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Community and Q&A

How will the use of a Thermastor dehumidifier affect the temerature of a superinsulated basement?

Harry Seidel | Posted in GBA Pro Help on

Facts: The house in question is (3) story 4,800 sqft, designed with R-43 walls, R-60 ceiling, R-29 basement (where sub grade, the rest is R-43 at walk-out) and sub slab insulation is R-19. The slab is to be 4-inch. The location is Newbury, NH (Zone-6) I would like to address summer time humidity concern by installing a Thermastor (“Sante Fe”) unit in the basement Utility Rm. My son, who works for Thermastor has a similar set up in his Madison, WI house and he observed 70% humidity at the 2nd floor was reduced to 50% within a day (maybe less). The Sante Fe unit runs with a drain and the basement (normally cool anyway) absorbs the heat generated by the unit. My question is in regard to the potential for the slab assembly in the house mentioned above to absorb and mitigate the heat generated? Given the sub slab insulation, will this cause the basement to heat up? I could be wrong but was told that 1pint of water removed eqautes to 1000 btu of heat.

I don’t want to reduce the overall under slab insulation but would it be wise to do so in the Utility Rm. where the SanteFe is located. As an aside, the utility Rm is 13′-3″ below grade, deeply set below the Winter’s cold outside ambient air.

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Replies

  1. John Klingel | | #1

    Why are you so sure you will have a humidity problem? Is there a vapor barrier under the slab? A vapor barrier in the house? If so, where? Is the below grade part damp-proofed, ground sloped, etc? A btu is the energy required to raise 1 lb of water one degree F, roughly 1/pt. 1000 btu sounds high; check with the manufacturer about how much the humidifier works to condense one pint.

  2. Harry Seidel | | #2

    Yes there is a VB below the slab, perimeter drains cont. at the exterior ftg. and exterior vert. drainage mat aswell. The only VB in the house is at the 2nd Fl. ceiling plane. The walls are 2x6, filled with cellulose, structural sheathing, Tyvek and (2) layers of polyiso, 1x4 firring and siding. CCHRC's manual provided the general model. At the basement I've chosen to use 2-inch EPS with adequate perm rating so any capillary water migration will be able to dry to the interior, a 2x6 wall filled with cellulose finishes off the basement inside the EPS. I'm confident about keeping the water out that falls from the sky and runs on the ground as we are collecting rainwater with gutters, gutter topper (the whole nine yards) and piping it away to sub surface infiltration devices.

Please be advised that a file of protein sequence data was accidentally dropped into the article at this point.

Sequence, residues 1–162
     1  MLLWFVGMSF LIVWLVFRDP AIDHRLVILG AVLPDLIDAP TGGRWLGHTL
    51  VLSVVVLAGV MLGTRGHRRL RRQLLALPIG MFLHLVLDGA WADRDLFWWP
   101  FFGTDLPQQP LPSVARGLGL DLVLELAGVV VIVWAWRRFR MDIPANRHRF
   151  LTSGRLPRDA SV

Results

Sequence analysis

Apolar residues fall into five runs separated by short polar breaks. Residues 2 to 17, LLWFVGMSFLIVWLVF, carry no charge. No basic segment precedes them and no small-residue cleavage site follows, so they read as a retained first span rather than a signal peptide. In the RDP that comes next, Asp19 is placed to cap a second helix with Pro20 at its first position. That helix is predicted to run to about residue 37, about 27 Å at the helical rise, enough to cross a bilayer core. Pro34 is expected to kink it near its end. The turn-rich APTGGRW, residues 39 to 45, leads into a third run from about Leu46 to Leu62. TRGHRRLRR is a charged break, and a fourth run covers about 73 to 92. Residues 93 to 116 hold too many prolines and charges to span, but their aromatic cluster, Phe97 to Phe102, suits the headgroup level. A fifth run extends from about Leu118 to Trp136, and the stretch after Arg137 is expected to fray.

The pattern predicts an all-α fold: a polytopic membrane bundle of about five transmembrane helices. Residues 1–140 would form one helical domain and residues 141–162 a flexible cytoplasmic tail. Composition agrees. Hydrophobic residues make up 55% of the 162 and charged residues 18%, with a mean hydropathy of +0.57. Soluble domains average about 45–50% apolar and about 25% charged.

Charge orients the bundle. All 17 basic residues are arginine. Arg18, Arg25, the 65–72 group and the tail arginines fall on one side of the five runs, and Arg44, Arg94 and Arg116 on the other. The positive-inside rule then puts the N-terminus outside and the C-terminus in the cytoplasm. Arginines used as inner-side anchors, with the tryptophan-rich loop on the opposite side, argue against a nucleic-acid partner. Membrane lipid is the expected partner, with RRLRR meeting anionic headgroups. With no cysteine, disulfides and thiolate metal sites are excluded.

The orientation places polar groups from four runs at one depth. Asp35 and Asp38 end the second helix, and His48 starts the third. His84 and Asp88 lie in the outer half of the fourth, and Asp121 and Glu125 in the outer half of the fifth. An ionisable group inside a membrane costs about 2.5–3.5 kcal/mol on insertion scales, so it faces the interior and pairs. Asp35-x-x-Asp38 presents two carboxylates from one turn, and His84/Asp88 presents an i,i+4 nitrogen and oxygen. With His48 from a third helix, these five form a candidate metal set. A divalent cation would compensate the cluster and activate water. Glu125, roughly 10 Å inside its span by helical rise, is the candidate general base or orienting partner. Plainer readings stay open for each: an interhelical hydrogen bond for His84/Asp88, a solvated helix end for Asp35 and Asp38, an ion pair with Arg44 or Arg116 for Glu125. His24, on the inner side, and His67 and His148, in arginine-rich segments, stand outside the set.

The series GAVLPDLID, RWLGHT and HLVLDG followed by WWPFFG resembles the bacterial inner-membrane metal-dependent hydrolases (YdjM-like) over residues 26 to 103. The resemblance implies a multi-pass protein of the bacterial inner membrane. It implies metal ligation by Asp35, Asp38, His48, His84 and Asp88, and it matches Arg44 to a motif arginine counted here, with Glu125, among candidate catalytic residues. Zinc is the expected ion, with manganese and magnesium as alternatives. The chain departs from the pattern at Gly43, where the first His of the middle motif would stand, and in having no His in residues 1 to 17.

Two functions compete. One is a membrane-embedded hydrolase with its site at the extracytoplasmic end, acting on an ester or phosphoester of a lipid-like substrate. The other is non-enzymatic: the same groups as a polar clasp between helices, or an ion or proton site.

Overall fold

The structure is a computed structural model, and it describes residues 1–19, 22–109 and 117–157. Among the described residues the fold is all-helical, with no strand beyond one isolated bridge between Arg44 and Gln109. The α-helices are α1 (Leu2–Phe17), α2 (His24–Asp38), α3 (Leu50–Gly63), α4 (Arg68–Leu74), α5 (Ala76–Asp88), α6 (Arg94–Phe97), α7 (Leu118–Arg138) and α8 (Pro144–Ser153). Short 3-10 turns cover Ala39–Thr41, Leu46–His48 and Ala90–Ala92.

In NH and much of NE we have relatively high humidity in the summer months (trust me it's a problem) and fresh air delivery system (RenewaireERV) although able to reduce moisture somewhat, achieves this by simply exchanging ambient exterior air for interior air. In our summers this will be useless and the house's design is tight enough that moisture will prevail. It will build up and be a menace.

    I got the numbers (1pt./1000btu) from my son and will double check them.

  3. Dick Russell | | #3

    The 1,000 BTU/pint of water condensed is ballpark correct. There's an old saying: "A pint's a pound the world around." Dividing out 62.366 lb/cu.ft by 7.4805 gal/cu.ft and by 8 pints/gal gives 1.04 lb/pint. The heat of vaporization of water at 70 F is 1054 BTU/lb. Add in the work of the refrigeration loop equipment and you've got actually somewhat more than 1000 BTU/pint. So those numbers are right.

    The concern about where the dehumidification heat will go is valid. It won't leave the superinsulated structure too easily in the summer, and thus the temperature must rise, however slowly due to the thermal mass of the slab and foundation walls. On the other hand, a quick approximation of the rate of heat loss to ground may be useful for comparison to the rate of heat input from the heat of condensing x pints/hour of water from the air.